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Quantifying the Impact of Uncertainty in Seismic Interpretation

Bond, Clare E.1; Butler, Robert 2; Jones, Serena 1; Muir, Roddy 1; Gibbs, Alan D.1
1 Midland Valley Exploration, Glasgow, United Kingdom.
2 Geology and Petroleum Geology, Aberdeen University, Aberdeen, United Kingdom.

Recent work has shown the range of conceptual models applied to an interpretation of a single 2D synthetic seismic line (Bond et al., 2007). The variety of concepts, the ‘conceptual uncertainty’, applied by geoscientists to the seismic image ranged from the main tectonic settings (i.e. compressional, extensional, strike-slip…) through to salt tectonics, coral reefs and mega-sequences. The exercise was an under-constrained problem, common across the geosciences and in particular for seismic interpretation. Further work by Bond et al. (2008) showed the importance of specific techniques and workflows to optimise interpretational ability and decrease uncertainty in the interpretation process. However, for under-constrained problems there are no unique solutions. Simply, from the data available there is not a right answer.

Sharing interpretations, knowledge and information, is important for understanding the range of conceptual uncertainty for a given dataset. The virtual seismic atlas (VSA), a not for profit resource, has been set-up to share interpretations of seismic data. The resource can be searched for concepts and models which can be used as analogues for similar datasets. The ‘steep’ limb of thrust structures are often poorly imaged and can be difficult to interpret. Using examples of thrust structures from the VSA, we have created multiple conceptual models for thrust fault generation i.e. a fault propagation fold versus fault bend fold mechanism. For these models it is possible to draw ‘uncertainty sausages’ that define the X,Y,Z space of uncertainty in fault location and steep limb angle, but how useful is this information?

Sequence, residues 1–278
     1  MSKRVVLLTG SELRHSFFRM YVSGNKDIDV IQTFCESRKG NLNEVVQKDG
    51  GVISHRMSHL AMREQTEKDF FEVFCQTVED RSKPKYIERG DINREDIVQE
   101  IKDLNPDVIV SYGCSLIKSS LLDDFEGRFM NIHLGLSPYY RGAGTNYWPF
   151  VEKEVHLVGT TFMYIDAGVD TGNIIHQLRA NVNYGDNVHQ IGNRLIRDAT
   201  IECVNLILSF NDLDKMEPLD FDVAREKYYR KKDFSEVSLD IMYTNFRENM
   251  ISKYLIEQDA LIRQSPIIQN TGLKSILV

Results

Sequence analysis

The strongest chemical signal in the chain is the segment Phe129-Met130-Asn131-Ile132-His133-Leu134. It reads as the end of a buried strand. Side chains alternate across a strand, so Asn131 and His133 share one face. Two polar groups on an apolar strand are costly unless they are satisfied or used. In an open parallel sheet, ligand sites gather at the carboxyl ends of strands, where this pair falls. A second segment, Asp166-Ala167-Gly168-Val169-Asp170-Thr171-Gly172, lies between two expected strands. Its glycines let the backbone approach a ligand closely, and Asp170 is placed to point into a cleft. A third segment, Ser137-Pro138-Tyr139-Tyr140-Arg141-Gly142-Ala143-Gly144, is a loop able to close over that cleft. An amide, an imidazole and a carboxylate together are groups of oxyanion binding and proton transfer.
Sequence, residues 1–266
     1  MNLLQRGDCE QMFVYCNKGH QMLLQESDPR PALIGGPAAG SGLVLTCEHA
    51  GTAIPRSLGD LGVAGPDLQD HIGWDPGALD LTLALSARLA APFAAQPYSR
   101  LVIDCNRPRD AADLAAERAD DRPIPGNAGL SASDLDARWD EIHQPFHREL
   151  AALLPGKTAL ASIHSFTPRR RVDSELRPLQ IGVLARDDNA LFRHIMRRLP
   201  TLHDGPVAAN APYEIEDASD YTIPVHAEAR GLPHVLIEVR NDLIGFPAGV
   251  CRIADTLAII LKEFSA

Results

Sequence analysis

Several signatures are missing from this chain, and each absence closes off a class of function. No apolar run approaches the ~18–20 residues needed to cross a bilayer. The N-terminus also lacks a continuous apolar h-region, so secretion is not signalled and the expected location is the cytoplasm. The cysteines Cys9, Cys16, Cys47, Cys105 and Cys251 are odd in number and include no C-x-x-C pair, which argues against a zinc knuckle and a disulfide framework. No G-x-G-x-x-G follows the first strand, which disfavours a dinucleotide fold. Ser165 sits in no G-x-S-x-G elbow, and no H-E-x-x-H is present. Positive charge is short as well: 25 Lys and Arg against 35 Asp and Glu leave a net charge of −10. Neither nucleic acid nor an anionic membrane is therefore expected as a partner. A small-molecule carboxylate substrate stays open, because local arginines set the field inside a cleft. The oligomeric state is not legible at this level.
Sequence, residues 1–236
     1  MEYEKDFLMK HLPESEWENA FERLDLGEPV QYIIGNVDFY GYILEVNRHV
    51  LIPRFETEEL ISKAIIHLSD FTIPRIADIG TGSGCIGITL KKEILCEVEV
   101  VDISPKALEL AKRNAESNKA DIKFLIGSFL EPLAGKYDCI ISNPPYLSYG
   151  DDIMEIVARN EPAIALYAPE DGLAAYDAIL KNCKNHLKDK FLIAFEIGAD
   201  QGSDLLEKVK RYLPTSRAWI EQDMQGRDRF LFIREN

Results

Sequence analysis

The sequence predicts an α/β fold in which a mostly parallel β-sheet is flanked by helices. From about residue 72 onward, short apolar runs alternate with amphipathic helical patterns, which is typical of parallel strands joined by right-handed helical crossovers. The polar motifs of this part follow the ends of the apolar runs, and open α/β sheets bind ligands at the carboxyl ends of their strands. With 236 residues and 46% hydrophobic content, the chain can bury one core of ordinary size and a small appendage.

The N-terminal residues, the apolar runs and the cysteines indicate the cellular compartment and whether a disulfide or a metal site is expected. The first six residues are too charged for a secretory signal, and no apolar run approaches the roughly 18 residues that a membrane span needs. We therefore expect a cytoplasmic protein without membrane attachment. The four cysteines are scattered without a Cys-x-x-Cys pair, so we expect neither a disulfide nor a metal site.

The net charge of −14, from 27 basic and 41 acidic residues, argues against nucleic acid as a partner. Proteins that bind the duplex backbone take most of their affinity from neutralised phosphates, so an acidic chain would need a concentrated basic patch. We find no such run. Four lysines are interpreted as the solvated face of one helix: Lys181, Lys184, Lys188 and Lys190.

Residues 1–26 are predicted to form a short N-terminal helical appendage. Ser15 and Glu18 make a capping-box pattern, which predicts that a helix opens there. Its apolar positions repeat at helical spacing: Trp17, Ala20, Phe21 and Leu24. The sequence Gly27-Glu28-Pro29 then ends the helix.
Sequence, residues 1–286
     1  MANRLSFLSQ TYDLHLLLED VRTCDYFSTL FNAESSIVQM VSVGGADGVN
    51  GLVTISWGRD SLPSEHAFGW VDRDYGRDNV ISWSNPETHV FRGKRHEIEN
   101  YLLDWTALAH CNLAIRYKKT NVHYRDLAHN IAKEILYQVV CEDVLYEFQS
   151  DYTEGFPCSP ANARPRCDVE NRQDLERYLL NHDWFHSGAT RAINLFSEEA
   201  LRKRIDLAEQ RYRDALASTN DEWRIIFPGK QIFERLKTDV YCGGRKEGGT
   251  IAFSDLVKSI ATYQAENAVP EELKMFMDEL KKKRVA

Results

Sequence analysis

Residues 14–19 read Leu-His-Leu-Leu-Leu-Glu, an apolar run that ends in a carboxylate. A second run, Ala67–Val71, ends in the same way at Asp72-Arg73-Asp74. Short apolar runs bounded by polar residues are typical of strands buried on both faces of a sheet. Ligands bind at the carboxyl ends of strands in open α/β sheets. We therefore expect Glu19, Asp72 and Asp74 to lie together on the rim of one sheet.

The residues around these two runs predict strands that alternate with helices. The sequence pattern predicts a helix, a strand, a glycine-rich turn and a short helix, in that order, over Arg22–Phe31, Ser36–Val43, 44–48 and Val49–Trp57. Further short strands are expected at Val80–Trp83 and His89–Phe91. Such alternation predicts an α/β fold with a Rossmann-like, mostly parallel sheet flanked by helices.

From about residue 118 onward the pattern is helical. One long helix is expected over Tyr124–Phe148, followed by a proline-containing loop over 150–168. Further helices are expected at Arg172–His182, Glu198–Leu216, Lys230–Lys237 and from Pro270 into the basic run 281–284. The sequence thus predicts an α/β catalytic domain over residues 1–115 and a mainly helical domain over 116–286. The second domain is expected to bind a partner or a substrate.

The models created span a range of possible concepts that affect not only fault position, but also the mechanics of the structural evolution. This combination of fault position and mechanical evolution impact key parameters important for exploration decisions. Here we have forward-modelled the end member concepts for poorly imaged thrust structures and looked at the impact of their structural evolution on reservoir compartmentalisation, volume and permeability. We argue that the question is not whether we can quantify the uncertainty in the interpretation, but the impact of this uncertainty on the key decision making parameters.


AAPG Search and Discovery Article #90090©2009 AAPG Annual Convention and Exhibition, Denver, Colorado, June 7-10, 2009